‘No one more worthy’

First Posted: 5/5/2014

Pastor Dan Miller, the 2014 recipient of the Charles D. Lemmond Jr. Community Spirit Award, embodies the name of the honor he’s received. He said his goal as a pastor is to bring the spirit of God into the community.

The award, named after the former senator who passed away in 2012 to recognize a resident of the Back Mountain for his or her leadership and advancement of community spirit, was established by The Dallas Post in 2013. The first recipients were David and Judy Rimple, honored for their work with the Back Mountain Trail.

The Charles D. Lemmond Jr. Community Spirit Award honors those who endeavor to improve the lives of Back Mountain residents through oustanding community service, public service or philanthropy and embody Senator Lemond’s commitment to doing the right thing, in the right way, for the right reason.

The leader of Back Mountain Harvest Assembly in Trucksville got his start in pastoral work at a young age, leading youth ministries when he was 17 years old and living in Freeburg, Pa. Miller, now 54, said he was called by God at an even younger age to do what he does today.

“Around the age of 6 years old, I started having conversations with God,” said the Harveys Lake resident. “I was going to many different church services five times a week, and I heard a voice, and I knew it was God. He told me to watch that guy on the platform, because that was what I was going to do.”

Miller said his mother was a Lutheran and his father was a Methodist, but he was led to the Pentecostal tradition after his mother was invited to a service when he was 8 years old.

“My mother and father had started making religion a priority, and my mother was invited to an Assembly of Life church,” said Miller. “And she was hooked. It was something more relevant that she had been looking for. She said she never experienced anything like that.”

After serving as assistant pastor in several Pennsylvania churches, Miller and his family moved to the Back Mountain area in 1992, but not intentionally.

“It was almost an act of God that brought me to this area,” said Miller. “It’s a nice area, and a nice community, but we didn’t come for that.”

Miller came to Back Mountain Harvest Assembly at a time when membership was dwindling and the church was considering closing its doors.

“There were 15 people total in the church, and five of those people were the pastor, his wife and his three children,” said Miller. “They didn’t know how they were going to pay their bills.”

Miller said as a pastor he tries to ensure the church isn’t just a place to go and sit for an hour – he said he wants to “expand the kingdom of God,” which means providing services and programs for the community.

“One thing we did quickly when we came here was to increase the relevance of the church in the community,” said Miller. “We became involved, put things in the paper. I started coaching Little League and basketball. We wanted the church to add value to the community, and if it brought people to the church, that was great.”

After the first year, membership rose from 15 to 100 people. Now Miller said the church has a regular Sunday attendance of 600-plus people, though around 1,000 call Back Mountain Harvest Assembly their church.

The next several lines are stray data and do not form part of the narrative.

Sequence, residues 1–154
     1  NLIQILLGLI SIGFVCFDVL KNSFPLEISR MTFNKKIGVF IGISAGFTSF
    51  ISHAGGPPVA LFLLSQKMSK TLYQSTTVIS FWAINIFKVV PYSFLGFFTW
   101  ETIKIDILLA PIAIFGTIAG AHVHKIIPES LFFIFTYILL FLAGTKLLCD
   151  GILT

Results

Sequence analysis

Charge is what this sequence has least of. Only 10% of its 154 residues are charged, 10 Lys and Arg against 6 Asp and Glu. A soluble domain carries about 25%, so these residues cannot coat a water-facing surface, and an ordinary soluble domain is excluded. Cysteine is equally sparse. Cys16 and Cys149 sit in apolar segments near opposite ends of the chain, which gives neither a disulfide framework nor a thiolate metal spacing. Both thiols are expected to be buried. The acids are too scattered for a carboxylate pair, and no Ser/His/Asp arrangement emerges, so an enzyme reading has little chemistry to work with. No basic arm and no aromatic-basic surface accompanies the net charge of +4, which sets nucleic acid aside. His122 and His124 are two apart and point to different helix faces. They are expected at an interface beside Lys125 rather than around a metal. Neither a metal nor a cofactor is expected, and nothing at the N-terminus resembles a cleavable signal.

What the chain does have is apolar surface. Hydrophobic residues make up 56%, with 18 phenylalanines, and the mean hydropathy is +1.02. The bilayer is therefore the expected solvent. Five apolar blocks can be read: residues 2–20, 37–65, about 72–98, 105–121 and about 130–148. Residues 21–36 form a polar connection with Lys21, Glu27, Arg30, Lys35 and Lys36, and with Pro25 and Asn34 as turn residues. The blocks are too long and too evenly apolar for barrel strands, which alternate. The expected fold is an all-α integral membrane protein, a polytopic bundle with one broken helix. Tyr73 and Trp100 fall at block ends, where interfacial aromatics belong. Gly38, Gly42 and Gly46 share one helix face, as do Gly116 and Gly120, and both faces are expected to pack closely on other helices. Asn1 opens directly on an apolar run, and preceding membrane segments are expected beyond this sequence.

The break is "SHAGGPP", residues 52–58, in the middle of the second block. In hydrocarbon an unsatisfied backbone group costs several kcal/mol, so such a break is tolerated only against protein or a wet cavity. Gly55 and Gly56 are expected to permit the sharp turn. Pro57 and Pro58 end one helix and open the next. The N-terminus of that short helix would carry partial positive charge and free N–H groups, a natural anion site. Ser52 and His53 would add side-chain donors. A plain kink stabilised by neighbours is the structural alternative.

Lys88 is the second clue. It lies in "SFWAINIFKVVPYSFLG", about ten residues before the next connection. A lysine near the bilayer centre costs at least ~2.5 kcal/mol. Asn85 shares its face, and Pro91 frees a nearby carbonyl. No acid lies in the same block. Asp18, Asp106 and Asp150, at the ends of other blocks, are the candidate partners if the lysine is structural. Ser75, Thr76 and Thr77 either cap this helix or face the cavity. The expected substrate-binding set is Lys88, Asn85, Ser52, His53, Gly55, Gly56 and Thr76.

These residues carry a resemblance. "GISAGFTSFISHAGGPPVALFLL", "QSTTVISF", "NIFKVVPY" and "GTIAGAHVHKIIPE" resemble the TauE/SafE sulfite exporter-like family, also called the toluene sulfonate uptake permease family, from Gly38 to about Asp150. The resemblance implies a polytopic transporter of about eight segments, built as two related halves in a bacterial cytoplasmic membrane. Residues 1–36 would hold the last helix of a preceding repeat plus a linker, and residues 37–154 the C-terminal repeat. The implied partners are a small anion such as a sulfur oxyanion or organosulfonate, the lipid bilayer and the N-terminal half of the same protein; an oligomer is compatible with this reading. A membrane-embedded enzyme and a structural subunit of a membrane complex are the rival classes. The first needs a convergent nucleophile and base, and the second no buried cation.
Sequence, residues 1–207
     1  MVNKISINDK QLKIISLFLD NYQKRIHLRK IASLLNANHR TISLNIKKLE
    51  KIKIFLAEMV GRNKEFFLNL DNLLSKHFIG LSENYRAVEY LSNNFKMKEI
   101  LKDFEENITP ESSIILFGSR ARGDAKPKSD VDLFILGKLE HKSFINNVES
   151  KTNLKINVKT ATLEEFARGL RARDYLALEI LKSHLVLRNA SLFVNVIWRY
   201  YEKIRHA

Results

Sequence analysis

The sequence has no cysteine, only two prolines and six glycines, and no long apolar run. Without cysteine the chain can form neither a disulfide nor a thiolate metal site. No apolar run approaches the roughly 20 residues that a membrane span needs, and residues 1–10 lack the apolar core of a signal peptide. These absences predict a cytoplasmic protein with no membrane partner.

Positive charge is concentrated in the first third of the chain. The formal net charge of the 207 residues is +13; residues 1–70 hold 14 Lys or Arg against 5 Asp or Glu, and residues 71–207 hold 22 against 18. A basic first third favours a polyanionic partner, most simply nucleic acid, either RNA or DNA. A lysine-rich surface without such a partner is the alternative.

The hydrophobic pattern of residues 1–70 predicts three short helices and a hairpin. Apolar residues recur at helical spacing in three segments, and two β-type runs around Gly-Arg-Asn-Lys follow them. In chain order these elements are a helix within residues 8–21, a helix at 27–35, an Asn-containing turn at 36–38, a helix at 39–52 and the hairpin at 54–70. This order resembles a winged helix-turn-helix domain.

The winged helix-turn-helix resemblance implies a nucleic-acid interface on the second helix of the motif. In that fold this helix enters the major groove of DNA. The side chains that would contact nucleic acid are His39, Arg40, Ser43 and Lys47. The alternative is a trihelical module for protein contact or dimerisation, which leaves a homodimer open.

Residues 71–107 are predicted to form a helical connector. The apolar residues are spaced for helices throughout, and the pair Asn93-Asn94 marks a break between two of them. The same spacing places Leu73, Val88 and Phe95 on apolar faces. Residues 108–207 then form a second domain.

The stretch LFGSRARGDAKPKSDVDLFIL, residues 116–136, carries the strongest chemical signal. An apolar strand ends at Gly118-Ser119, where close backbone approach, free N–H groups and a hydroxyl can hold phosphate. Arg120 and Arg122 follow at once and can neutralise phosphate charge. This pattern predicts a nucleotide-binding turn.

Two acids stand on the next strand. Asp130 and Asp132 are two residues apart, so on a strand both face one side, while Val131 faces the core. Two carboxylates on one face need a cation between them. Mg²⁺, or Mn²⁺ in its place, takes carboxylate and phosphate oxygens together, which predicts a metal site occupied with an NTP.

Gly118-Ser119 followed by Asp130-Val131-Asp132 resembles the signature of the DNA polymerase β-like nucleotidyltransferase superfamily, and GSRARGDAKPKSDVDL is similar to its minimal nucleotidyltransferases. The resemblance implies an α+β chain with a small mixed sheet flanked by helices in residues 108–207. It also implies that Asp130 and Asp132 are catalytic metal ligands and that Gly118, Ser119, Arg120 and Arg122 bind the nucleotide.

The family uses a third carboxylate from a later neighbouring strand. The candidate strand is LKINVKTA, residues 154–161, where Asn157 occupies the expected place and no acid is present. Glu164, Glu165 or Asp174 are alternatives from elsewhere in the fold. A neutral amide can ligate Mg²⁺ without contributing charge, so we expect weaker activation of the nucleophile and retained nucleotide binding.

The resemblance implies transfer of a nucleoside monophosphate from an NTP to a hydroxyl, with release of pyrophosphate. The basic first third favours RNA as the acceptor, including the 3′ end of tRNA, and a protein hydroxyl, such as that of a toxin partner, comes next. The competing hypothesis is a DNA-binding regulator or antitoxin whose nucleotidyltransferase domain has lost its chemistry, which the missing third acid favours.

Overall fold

“We looked outside the four walls,” said Miller. “And we’re not all about Back Mountain Harvest Assembly. We have helped at least seven other local churches – some that were in the same situation we were when I came here – and gave them resources, ministers and people to revitalize them. We’re all many expressions of God. We grow when they grow.”

Miller said that people sometimes think the church takes away from a community, but he said his goal is to bring God to wherever people are and to provide a service for the community.

Back Mountain Harvest Assembly offers 96 different ministries and has started programs like the Hope Center, which is a free medical clinic and provides legal advice for under and uninsured people in the area. The church also hosts its annual living nativity during Christmastime, an event that costs tens of thousands of dollars and is free to the public.

“We’re here to offer anyone anything they need, be it a cool glass of water or counseling or anything,” he said. “And we’re not asking for anything in return.”

Back Mountain Harvest Assembly is currently raising money for the construction of a new church building, a project Miller said is the first project in decades that is “just for the church.”

He said the $4 million new building will have a 1,000-seat sanctuary and three stories that will enable the church to bring in different speakers, host dinner theater shows and other events.

“We are wearing our building out,” he said of the church, which is almost 40 years old. “We’ve put on an addition and changed the inside. Because a church shouldn’t be a museum – it’s a hospital to help hurt and broken people.”

Miller said he was “humbled and appreciative” to receive the award honoring the late senator, but he also felt he was undeserving.

“There are so many great people here at the church, and throughout the area,” said Miller. “I’m a nobody who has a lot of somebodies around me to make me look good.”

Miller and his wife, Deborah, live in Harveys Lake and have three children: Rebecca, 33, of Shavertown; Luke, 30, of Pensacola, Fla.; and Elijah, 27, of Kingston. They also have two grandchildren.

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